Colin Irwin, fRoots
 “An unlikely trio, you might think, but the combination proves quite magical. Together they create a subtle new idiom.”
    • The Observer
Quercus, the trio in which pianist Huw Warren and saxophonist Ian Ballamy shape new contexts for the dark and moving voice of June Tabor, made a major impact with its ECM debut album, issued in 2013. The recording won the German Record Critics’ Prize as Album of the Year (Preis der deutschen Schallplattenkritik, Jahrespreis) and the international press recognized what the UK folk world has known for many years: that nobody gets inside the meaning of a song in the way that June Tabor does, illuminating a lyric and exploring a tune’s emotional atmosphere.
On Nightfall, recorded in December 2015 at Cooper Hall in the Somerset town of Frome and produced by Warren and Ballamy, Quercus takes its creative process to the next level. There are wonderful songs from folk tradition here, including “The Manchester Angel” and the 19th century broadside “Once I Loved you Dear (The Irish Girl)”, pieces collected by Somerset folklorist Ruth Tongue (“On Berrow Sands” and “The Shepherd and his Dog”), a charming version of “The Cuckoo” inspired by the singing of Dorset gypsy Queen Caroline Hughes, and there are subtly phrased instrumental pieces – Warren’s pastoral “Christchurch”, Ballamy’s ballad “Emmeline”.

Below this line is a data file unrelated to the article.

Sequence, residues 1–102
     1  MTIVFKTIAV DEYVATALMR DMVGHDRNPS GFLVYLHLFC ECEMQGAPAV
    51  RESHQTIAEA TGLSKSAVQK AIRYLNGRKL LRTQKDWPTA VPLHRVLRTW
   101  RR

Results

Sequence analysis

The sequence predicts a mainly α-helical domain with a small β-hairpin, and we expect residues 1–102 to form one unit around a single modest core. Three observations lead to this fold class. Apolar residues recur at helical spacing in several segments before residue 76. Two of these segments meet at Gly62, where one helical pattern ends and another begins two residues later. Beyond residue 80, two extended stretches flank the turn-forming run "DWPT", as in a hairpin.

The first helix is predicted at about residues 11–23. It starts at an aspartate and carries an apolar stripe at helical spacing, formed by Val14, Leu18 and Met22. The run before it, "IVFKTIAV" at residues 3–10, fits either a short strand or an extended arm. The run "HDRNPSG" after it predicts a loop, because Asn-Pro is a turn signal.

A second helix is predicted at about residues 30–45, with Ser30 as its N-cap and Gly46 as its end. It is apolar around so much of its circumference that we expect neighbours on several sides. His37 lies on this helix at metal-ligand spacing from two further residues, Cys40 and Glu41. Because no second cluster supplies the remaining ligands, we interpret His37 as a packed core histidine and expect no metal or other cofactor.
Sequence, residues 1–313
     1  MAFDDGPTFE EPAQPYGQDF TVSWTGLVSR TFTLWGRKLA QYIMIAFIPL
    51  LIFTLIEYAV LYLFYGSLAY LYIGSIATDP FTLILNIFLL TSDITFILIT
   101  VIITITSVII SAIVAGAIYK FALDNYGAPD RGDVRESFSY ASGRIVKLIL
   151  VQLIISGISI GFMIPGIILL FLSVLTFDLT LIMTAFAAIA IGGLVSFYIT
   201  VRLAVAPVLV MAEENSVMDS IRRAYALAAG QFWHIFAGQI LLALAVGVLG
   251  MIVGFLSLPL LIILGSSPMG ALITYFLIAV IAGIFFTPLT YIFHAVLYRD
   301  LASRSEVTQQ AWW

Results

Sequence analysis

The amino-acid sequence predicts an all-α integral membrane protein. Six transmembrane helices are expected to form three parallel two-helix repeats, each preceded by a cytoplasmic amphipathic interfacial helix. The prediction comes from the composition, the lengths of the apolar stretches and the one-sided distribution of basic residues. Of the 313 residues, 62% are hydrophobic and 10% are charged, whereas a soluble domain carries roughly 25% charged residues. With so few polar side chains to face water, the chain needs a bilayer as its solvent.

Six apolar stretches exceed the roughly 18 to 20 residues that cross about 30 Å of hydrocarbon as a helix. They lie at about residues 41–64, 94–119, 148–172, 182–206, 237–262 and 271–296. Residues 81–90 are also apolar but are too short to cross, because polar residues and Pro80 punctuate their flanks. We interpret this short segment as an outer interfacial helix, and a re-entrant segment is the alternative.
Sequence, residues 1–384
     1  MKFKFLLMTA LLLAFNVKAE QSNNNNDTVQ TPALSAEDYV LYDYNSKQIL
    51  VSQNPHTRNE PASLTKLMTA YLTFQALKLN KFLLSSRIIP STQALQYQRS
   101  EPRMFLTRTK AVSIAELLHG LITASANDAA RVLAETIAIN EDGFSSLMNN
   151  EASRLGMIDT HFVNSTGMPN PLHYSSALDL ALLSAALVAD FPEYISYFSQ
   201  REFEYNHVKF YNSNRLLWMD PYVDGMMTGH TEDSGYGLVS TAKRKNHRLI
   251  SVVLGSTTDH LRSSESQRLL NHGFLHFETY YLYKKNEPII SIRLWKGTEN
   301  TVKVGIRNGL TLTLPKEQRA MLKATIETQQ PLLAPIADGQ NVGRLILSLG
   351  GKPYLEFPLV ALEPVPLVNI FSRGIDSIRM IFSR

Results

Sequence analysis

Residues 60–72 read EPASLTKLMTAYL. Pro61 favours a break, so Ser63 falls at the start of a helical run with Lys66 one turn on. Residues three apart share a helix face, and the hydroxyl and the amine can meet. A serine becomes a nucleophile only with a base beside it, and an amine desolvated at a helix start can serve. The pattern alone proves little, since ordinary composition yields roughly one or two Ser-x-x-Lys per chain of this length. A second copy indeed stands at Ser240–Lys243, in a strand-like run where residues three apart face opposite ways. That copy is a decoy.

There are also four songs which almost every listener will know. The album opens with that most famous song of farewell, “Auld Lang Syne”, and right away Tabor, Ballamy and Warren alert us to the notion that even the most familiar songs can yield new meaning if looked at from new perspectives (and there’s a link here, too, to the first album which also began with June Tabor singing words of Robert Burns). Freshly arranged versions of Bob Dylan’s “Don’t Think Twice”, the West Side Story Bernstein/Sondheim song of yearning “Somewhere”, and the jazz standard “You Don’t Know What Love Is” similarly prove to be fine vehicles for Tabor’s focused, respectful and austere approach, a matter of honouring the song, even while transforming it. Traditional folk song, contemporary songs, show tunes, jazz – Quercus’s concept can embrace it all.
“The folk singer June Tabor has been a marvel of English music since the 1960s, and her long-term pianist Huw Warren and saxophonist Iain Ballamy only enhance her clarity, stillness and deep but fragile sound,” wrote The Guardian’s John Fordham of the trio’s debut album. “Nobody plays a note too many or expresses a false emotion. It’s a unique tribute to the power of song.”
As melodic counterpart to Tabor, saxophonist Iain Ballamy is an ideal partner. In a sense, he is a second singer in Quercus. His other primary ECM context, the electro-improv band Food – see the albums Quiet Inlet, Mercurial Balm, This Is Not A Miracle – might seem a long way from Quercus’s pristine sound-world, but there too Ballamy has been refining his sound down to essentials and savouring each tone.
Pianist Huw Warren, whose rare combination of originality and understatement has been appreciated by many singers, has been arranger-accompanist for Tabor for nearly three decades. Concurrently, he has been active across a broad span of genres, as composer, jazz improviser and educator, and has worked with musicians from the Scottish Chamber Orchestra to Kenny Wheeler. Huw Warren and Iain Ballamy also play duo concerts.